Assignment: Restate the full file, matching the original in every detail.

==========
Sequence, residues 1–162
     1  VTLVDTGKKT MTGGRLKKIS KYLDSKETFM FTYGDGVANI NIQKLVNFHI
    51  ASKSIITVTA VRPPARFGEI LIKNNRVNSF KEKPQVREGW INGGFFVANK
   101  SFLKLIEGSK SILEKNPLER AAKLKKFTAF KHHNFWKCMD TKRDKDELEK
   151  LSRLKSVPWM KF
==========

Sequence, residues 1–162
     1  VTLVDTGKKT MTGGRLKKIS KYLDSKETFM FTYGDGVANI NIQKLVNFHI
    51  ASKSIITVTA VRPPARFGEI LIKNNRVNSF KEKPQVREGW INGGFFVANK
   101  SFLKLIEGSK SILEKNPLER AAKLKKFTAF KHHNFWKCMD TKRDKDELEK
   151  LSRLKSVPWM KF